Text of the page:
A new book plumbs the depths of how superhero comics reflect changes in American culture.
“Superhero comics are, to me, a consequence of the anxiety and desire associated with urbanization in the United States,” says Julian Chambliss, an associate professor of history at Rollins.
To hear Chambliss talk about the earliest generation of comic books, those that emerged following the intense and sometimes-chaotic urbanization of the early 20th century, you can almost make out subtle notes of religious themes.
“So the city is big, it’s huge,” he begins, “and city plans are an attempt to bring rationality. It’s a reimagining of the space in an orderly way that represents [people’s] values, their desires, their hopes. Comics do the same thing. They try to bring rationality to an urban environment that people know intrinsically is not rational: Bad things happen, you can’t depend on your neighbor, you might be killed randomly, and you aren’t safe. So they take those fears, and they create a narrative that mitigates or mediates those fears. People want there to be someone like Batman who will avenge them if they’re hurt. They want there to be someone like Superman who is their neighbor that will always look out for them.”
In other words, when the world is changing, we search for stability—something or someone to tell us it’s going to be all right. It is this insight into this subculture, and its reflection and representation of the larger American society, that led Chambliss and William Svitavsky, the College’s emerging services librarian and an associate professor, along with Thomas Donaldson of Edison State College to compile and release Ages of Heroes, Eras of Men, a collection of essays and analyses on superheroes, comic books, and their sundry interactions with American culture over the last century.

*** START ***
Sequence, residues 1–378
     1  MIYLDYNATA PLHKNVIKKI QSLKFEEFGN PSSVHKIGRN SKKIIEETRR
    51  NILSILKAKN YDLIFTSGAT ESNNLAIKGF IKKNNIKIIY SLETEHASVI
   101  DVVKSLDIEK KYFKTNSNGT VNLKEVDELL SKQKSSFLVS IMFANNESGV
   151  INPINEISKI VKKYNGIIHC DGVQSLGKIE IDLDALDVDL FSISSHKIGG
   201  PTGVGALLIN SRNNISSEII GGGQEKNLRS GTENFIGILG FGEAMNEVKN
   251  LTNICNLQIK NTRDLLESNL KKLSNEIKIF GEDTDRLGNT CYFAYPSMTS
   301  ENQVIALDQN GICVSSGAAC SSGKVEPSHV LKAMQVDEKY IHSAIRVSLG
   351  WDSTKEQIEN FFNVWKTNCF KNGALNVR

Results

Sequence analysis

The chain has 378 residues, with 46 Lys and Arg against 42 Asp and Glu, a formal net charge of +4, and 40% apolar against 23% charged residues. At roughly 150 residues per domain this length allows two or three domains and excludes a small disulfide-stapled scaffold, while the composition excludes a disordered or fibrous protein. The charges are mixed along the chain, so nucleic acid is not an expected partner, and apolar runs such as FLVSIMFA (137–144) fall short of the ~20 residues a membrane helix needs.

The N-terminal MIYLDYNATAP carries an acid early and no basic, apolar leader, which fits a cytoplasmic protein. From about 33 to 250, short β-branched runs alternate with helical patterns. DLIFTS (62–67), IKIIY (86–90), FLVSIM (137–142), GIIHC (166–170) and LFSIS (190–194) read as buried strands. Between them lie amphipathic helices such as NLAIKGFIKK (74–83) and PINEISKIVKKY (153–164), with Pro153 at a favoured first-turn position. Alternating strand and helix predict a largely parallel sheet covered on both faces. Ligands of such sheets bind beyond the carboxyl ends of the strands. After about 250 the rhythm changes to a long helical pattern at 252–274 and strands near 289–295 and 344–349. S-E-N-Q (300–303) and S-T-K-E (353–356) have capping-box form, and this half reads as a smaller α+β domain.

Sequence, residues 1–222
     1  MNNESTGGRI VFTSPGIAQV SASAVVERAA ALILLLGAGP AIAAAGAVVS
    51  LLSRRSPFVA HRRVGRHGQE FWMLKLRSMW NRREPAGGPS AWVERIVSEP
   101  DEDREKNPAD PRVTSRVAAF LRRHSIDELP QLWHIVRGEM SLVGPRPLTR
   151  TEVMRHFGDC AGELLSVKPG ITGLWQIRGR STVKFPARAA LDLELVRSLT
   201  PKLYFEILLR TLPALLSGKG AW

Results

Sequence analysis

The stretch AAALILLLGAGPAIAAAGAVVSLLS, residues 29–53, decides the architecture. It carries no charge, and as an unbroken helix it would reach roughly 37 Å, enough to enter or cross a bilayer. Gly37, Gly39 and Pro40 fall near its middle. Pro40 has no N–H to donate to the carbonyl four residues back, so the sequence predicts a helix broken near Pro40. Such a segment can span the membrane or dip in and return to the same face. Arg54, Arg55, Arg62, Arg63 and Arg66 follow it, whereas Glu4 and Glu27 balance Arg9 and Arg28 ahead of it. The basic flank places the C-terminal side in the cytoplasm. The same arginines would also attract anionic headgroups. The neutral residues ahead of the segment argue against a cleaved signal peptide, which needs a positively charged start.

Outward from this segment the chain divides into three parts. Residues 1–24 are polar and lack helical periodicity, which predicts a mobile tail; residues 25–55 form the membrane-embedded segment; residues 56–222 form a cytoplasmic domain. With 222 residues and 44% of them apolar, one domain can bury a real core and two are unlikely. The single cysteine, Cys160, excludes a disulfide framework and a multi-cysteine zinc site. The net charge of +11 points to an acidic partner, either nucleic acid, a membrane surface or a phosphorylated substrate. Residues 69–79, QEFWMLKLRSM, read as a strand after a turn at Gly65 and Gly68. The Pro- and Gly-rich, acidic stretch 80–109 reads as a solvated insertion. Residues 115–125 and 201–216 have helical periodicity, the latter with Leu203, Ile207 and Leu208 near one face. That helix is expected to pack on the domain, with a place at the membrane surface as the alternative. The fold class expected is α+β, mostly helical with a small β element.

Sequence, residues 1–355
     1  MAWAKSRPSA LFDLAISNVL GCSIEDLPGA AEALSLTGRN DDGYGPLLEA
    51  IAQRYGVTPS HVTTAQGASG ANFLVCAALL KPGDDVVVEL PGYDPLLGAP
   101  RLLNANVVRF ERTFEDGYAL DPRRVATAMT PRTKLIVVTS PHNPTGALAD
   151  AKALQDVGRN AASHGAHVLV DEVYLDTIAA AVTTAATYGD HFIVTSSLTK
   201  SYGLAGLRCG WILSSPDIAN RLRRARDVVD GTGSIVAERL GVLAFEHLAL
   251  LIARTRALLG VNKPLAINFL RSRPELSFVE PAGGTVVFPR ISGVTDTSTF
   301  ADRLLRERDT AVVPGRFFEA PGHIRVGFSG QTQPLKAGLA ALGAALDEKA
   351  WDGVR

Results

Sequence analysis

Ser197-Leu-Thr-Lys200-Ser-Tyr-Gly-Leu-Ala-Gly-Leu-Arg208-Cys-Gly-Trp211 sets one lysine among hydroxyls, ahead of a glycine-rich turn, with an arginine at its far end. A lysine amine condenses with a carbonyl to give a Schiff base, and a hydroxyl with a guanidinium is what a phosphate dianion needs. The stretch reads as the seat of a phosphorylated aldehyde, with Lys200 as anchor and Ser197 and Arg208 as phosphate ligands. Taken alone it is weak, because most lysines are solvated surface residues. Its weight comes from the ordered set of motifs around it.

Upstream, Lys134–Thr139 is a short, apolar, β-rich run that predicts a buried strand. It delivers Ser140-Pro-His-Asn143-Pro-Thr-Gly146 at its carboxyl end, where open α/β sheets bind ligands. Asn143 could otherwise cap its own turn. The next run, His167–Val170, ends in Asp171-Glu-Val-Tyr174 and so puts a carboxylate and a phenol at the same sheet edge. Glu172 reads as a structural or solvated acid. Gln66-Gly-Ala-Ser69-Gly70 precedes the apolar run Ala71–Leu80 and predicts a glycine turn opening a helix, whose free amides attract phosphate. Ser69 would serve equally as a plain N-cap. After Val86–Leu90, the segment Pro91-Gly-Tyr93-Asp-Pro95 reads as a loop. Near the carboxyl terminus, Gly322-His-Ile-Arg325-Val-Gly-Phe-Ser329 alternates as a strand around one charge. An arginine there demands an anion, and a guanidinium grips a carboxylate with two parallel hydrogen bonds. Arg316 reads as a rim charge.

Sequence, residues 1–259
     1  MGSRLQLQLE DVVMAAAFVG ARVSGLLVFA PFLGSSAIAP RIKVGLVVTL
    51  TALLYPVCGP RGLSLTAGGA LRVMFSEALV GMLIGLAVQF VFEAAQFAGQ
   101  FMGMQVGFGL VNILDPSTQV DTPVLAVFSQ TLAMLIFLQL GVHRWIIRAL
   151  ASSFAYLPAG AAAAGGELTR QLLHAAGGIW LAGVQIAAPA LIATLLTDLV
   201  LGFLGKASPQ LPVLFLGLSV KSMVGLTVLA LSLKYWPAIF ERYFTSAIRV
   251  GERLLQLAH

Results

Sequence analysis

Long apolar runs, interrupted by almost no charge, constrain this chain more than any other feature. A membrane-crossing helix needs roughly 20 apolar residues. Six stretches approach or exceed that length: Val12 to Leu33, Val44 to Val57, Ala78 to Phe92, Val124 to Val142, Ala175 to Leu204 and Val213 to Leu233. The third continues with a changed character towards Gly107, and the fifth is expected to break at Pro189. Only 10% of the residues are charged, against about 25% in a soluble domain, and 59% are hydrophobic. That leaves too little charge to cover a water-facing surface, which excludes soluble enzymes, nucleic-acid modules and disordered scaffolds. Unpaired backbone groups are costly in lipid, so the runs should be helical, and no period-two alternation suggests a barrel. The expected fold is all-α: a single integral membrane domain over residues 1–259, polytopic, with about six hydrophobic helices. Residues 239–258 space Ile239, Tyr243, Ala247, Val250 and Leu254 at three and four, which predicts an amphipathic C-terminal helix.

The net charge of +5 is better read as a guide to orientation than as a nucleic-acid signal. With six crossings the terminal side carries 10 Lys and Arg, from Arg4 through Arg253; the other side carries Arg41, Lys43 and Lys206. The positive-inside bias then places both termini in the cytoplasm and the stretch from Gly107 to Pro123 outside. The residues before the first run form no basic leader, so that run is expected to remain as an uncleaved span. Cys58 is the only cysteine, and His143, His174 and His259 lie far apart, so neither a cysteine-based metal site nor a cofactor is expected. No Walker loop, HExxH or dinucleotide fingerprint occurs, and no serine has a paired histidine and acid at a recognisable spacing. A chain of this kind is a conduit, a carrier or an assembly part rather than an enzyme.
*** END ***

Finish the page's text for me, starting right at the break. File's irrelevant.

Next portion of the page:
Chambliss began exploring the sociological underpinnings of comics and superheroes nearly a decade ago, when as a new professor at the College he was told he had to teach a Rollins Conference Course (RCC). He agreed to co-teach the class with Svitavsky but only if they could focus on superhero comics in America.
Svitavsky, like Chambliss, is a comic book geek and saw an opportunity to “actually make an academic identity out of this stuff that I obsess over all the time.” And while Chambliss focuses on the urbanization contexts of comics, Svitavsky looks closer at the literary interpretations.
They’d met during an end-of-the-year workshop Svitavsky was doing for faculty members on online resources. He was showing the professors the Wayback Machine, a web tool that allows users to look at archived websites, and offhandedly asked if anyone knew where the name came from. Chambliss did. It was the time machine that the dog Mr. Peabody and his boy Sherman used in the old Rocky & Bullwinkle cartoons.
They hit it off. But in teaching their RCC class, they discovered that no one had produced the kind of textbook they wanted. Sure, there were a few collections of writing and scholarship on comic books available, but none that put it all together. Chambliss and Svitavsky set about doing it themselves, issuing calls for submissions from scholars at conferences and eventually teaming up with Donaldson, who had started on a similar track as well. The book was finally released by Cambridge Scholars Publishing on July 1.
It’s an academic book, weighty and without pictures—surprising for a book about comics. The anthology traces the evolution of comic book superheroes from their foundational origins in the Progressive Era through rebirth during the Cold War and ongoing development and sophistication in recent decades.